movement of existing coins slowed to a crawl.

Many businesses were closed in the spring and
summer of 2020 because of virus fears and government restrictions.
Even among stores that remained open, in-person retail activity
dropped dramatically, and many shoppers opted for credit and debit
cards because they were generally viewed as less germy than
handling cash. “With the partial closure of the economy, the flow
of funds through the economy has stopped,” Federal Reserve Chairman
Jerome Powell told the House Financial Services Committee
in June 2020.

Okay, but why is there still a coin

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I was wondering about that too! By June 2020,
the U.S. Mint was back in the game and the Federal Reserve put
together a team to help tackle the coin shortage. We thought it
would be fixed pretty quickly, but the pandemic has really slowed
things down. It’s just another example of how the pandemic has
thrown a wrench in the supply chain and caused a ripple effect
throughout the economy.

I’m hearing a lot about the coin shortage
lately, but I’m not sure it’s accurate to call it a “shortage”.
It’s more of an imbalance. The US has plenty of coins, they’re just
not circulating as fast as they should be. To help, the task force
is suggesting that people use their coins or deposit them in a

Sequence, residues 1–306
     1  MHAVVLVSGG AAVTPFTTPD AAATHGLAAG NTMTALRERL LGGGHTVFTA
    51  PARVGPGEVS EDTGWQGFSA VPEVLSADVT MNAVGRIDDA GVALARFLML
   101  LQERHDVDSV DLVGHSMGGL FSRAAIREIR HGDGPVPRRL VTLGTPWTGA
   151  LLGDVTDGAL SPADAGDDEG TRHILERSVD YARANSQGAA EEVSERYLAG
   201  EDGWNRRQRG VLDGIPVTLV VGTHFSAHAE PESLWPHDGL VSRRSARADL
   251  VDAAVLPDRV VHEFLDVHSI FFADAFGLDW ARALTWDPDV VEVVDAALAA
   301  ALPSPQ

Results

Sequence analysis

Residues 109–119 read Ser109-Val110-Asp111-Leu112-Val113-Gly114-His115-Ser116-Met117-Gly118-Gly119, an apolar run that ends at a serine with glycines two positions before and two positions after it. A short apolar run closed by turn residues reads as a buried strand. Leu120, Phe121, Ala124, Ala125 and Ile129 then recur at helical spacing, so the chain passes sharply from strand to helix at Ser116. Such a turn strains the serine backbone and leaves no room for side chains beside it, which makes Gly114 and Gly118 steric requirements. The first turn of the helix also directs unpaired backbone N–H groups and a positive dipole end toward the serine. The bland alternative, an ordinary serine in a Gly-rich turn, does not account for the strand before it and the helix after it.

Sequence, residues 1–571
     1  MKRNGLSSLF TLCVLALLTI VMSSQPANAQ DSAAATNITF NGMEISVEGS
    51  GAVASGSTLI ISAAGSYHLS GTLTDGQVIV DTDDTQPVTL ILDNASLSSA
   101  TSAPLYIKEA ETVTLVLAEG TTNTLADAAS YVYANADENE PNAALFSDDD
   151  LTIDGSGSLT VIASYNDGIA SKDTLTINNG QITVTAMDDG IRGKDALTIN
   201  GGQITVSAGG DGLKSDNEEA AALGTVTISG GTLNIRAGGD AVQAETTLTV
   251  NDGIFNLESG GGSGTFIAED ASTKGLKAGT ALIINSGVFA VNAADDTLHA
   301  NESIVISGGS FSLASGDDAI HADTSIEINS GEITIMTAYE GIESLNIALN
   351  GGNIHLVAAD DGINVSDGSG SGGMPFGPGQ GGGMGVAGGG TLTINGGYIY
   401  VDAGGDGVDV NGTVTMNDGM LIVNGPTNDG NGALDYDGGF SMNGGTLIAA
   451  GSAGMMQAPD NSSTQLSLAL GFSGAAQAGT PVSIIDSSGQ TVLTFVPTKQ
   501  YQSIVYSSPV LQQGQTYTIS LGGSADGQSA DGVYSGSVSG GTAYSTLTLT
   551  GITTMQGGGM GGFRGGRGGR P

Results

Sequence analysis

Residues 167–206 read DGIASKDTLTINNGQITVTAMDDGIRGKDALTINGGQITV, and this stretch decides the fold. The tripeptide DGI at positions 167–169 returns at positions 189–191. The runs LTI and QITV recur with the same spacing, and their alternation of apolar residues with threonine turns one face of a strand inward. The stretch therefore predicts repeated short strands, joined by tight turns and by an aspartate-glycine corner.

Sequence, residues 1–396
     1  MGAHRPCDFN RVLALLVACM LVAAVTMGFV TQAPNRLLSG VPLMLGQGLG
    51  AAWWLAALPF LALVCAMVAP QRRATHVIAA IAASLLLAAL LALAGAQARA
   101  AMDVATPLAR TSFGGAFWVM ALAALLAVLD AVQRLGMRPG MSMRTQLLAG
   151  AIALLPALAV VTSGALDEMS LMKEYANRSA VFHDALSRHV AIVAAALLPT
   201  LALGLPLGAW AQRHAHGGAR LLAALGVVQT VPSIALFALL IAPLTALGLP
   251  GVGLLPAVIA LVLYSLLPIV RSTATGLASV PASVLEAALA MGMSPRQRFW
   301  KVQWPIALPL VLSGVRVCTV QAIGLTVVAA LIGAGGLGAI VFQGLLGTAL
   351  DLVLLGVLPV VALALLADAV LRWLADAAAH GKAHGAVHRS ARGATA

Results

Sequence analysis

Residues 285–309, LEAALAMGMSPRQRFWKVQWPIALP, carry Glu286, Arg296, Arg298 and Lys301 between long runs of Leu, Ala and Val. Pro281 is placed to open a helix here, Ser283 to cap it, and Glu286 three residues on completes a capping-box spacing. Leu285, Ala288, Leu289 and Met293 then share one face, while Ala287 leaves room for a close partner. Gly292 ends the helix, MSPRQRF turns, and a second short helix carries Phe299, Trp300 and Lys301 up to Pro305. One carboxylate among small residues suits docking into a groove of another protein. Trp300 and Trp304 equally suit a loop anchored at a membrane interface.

bank. It’s all about raising awareness of the issue so that we can
get the coins moving again.

Some businesses have offered related promotions.
For instance, some 7-Eleven stores have given a free Slurpee to
anyone who exchanges $5 in coins for a $5 bill. Other retailers
have requested exact change or recommended credit and debit card
payments. Many stadiums have gone cashlessI’m all about convenience
and speed, so I’m really into the idea of contactless payment. It
helps to reduce the need for cash exchange, making transactions
smoother and quicker than ever before. Additionally, it’s
beneficial for hygiene purposes. No more handling money or
exchanging cards. It’s a great way to make the buying process
easier and more efficient.

“Reverse ATMs” that load cash onto a prepaid
debit card are often provided as a workaround for those who may not
have a credit or debit card. The unbanked population has been
shrinking, according to the FDICI’m part of the 5.4 percent of U.S.
households that were present in 2019. Since then, that number has
probably gone down and I’m sure I can count myself as one of the
few. It’s interesting to see how those numbers have changed over
time. I’m sure it’s due to a number of different factors.
Regardless, it’s a good reminder that we’re all part of a bigger

Cash usage has been trending down for

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Bills and coins were used in just 19 percent of
all payments in October 2020, the Federal Reserve reportedI’ve seen
a huge drop in the amount of cash I’m using since October 2019 –
just one year ago! That’s a big difference. It looks like debit
cards are the most popular way to pay now, closely followed by
credit cards. Together, they make up 55% of the payment methods